FBI Arrests Four for Allegedly Stealing Secrets for China

The FBI arrested four people today for allegedly trying to steal military secrets for China, ABC News has learned. The FBI is worried that China has accessed military secrets that could put U.S. troops in danger in times of war.

The four "intelligence agents" were arrested in Los Angeles and are charged with trying to steal technology that allows U.S. submarines to move silently underwater. The FBI says one suspect was trying to obtain secrets about spy satellites, torpedoes, and aircraft carrier electronics.

According to the FBI, the Chinese are using not only intelligence agents as spies, but also students, researchers, and businessmen.

"We've seen targeting by the Chinese throughout the United States," said Timothy Bereznay, deputy assistant director of the FBI's Counterintelligence Division. "We've had cases in Palo Alto, California; Wisconsin; Trenton, New Jersey. It's pervasive, it's redundant."

There is more evidence that China is trying to steal other U.S. military secrets.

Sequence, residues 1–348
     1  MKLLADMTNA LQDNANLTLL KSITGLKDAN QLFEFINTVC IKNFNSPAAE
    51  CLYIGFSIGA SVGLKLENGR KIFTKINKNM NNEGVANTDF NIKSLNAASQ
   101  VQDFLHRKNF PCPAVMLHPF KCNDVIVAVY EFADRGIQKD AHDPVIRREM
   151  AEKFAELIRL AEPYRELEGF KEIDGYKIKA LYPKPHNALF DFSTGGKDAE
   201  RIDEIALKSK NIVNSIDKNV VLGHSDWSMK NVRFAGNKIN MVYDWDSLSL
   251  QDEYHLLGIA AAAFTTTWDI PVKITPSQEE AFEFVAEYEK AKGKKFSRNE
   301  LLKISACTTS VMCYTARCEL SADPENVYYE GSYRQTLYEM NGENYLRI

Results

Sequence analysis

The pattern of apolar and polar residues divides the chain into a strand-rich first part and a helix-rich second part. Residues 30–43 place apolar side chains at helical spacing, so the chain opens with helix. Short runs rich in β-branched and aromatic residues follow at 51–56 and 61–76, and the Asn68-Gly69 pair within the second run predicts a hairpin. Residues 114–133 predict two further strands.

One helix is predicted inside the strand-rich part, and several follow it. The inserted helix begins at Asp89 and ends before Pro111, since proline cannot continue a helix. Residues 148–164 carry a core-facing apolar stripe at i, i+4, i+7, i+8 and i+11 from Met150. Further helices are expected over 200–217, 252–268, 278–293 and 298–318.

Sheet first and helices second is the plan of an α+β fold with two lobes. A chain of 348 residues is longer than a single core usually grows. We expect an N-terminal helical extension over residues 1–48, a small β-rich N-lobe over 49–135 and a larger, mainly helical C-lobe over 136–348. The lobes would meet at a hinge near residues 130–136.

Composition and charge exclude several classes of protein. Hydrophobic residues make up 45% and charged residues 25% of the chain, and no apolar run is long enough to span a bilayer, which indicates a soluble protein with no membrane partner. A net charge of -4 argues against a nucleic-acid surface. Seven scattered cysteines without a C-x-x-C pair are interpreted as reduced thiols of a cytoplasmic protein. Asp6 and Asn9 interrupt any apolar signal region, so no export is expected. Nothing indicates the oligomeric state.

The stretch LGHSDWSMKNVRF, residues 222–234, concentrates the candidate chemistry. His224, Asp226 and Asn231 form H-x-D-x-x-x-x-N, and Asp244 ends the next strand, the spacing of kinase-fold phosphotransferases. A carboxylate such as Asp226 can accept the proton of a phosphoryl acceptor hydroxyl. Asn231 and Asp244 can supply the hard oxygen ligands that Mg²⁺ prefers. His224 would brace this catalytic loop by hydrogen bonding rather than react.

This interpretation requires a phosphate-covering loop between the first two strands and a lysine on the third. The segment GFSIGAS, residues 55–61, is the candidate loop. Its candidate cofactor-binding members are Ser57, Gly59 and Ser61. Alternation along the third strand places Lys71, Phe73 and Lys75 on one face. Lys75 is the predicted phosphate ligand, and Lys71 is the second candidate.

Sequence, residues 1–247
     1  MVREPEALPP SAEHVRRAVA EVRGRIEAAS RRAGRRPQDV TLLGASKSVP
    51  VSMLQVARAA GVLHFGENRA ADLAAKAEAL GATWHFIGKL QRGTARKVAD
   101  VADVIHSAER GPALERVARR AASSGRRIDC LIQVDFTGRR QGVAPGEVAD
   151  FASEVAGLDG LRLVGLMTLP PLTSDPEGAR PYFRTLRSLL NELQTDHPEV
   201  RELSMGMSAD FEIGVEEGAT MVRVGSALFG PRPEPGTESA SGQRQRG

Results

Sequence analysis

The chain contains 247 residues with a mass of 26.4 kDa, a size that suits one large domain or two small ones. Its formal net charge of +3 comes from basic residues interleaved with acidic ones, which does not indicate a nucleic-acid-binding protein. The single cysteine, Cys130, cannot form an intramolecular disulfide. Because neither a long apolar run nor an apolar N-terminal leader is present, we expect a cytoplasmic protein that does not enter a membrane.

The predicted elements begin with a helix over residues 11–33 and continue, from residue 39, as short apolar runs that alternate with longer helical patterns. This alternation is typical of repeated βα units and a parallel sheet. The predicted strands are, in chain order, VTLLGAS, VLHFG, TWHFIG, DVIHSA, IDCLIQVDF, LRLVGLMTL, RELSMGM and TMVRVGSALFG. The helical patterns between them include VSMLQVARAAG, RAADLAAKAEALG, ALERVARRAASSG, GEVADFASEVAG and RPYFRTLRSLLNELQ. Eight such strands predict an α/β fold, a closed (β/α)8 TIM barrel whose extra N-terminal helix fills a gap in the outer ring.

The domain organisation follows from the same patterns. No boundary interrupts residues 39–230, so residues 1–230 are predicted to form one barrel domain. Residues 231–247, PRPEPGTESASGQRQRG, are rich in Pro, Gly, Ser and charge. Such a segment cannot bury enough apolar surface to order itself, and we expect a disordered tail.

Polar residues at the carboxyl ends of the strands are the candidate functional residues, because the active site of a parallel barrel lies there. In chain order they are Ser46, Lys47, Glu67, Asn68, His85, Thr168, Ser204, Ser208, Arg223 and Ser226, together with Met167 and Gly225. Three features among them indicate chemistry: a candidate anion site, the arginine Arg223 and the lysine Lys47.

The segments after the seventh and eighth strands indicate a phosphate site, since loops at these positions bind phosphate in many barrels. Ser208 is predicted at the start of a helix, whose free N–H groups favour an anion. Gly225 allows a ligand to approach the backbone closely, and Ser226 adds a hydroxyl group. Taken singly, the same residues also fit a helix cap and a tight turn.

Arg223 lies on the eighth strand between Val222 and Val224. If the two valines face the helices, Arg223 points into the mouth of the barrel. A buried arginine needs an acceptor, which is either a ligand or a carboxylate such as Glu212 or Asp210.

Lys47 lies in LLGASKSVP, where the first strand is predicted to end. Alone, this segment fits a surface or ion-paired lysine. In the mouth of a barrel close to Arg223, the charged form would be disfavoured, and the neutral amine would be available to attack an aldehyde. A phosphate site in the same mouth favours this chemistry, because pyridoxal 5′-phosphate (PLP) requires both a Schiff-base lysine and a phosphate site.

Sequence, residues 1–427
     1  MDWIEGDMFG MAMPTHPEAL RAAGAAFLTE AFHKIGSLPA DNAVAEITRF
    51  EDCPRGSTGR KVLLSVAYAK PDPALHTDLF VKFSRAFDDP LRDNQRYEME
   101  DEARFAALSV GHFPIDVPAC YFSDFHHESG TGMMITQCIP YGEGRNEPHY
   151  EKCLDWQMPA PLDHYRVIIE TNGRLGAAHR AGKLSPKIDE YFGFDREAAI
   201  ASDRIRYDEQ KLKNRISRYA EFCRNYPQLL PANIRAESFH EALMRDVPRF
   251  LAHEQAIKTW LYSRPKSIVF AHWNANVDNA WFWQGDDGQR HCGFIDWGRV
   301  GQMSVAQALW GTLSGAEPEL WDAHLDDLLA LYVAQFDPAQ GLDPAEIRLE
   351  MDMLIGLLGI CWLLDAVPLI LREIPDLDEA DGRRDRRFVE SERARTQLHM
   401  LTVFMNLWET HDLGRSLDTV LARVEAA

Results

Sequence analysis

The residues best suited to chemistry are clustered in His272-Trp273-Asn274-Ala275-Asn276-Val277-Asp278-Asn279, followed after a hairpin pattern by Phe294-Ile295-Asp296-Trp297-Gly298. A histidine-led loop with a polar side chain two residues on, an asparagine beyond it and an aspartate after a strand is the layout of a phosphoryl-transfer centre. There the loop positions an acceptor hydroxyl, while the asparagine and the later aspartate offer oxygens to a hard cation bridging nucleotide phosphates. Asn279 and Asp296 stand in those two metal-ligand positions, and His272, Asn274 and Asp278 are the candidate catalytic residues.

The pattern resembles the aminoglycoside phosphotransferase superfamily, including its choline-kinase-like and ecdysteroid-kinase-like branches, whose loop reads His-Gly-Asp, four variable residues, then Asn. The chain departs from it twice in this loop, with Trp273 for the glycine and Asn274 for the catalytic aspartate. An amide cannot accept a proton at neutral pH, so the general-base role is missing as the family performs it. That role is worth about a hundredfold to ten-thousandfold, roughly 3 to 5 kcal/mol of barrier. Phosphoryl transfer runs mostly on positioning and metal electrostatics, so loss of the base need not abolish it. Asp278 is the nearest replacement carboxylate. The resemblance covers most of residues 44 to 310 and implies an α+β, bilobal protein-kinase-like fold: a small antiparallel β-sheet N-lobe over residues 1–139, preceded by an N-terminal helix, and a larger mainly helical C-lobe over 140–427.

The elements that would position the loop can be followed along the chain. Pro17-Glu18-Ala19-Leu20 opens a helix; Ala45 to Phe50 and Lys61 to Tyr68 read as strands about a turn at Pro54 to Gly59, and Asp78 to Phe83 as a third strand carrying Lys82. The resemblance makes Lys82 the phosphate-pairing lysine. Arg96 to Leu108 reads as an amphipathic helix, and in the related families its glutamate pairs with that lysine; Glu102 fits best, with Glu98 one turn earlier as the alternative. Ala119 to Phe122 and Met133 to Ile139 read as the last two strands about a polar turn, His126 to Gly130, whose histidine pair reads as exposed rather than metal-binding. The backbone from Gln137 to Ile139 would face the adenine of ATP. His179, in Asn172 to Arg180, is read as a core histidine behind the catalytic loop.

Just ten days ago, a former aerospace engineer who helped develop the B-2 Stealth Bomber was charged as a spy.

At more than $1 billion apiece, the B-2's technology is so secret, the aircraft remains protected under heavy guard at Whiteman Air Force Base in Missouri.

"B-2 gives the United States a long-range stealth precision strike capability that no other country even approaches," said John Pike, a Global Security.org defense analyst.

But there is growing concern some of the stealth technology, which allows the B-2 to fly virtually undetected, has been stolen.

Government sources tell ABC News that Noshir Gowadia, who helped design the B-2, sold secrets about the bomber for hundreds of thousands of dollars to eight nations, including China.

According to recently unsealed court records, the government says Gowadia gave away two top-secret documents, which could cause "exceptionally grave damage to [U.S.] national security."

The secrets allegedly sold involve technology which allows the bomber to avoid heat-seeking missiles.

"With China getting this technology," Pike said, "they can do two things. They can copy it for their own planes possibly. They could also counter it, getting heat-seeking missiles that can shoot down the stealth bomber."

The FBI has instructed all of its field offices to create special units to combat Chinese espionage.

ACB News' Pierre Thomas filed this report for "World News Tonight."